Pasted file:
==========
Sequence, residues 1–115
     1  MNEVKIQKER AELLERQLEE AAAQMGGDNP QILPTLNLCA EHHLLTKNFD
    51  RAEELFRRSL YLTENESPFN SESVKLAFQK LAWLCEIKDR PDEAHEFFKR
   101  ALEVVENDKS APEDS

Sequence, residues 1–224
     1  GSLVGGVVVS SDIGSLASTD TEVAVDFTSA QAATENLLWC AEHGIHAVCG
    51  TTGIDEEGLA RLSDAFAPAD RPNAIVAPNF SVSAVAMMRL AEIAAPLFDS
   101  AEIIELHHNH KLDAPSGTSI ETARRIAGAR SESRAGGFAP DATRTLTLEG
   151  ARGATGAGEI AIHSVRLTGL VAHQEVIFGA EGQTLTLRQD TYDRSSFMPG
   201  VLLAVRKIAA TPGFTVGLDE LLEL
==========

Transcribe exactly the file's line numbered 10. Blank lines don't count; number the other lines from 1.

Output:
   201  VLLAVRKIAA TPGFTVGLDE LLEL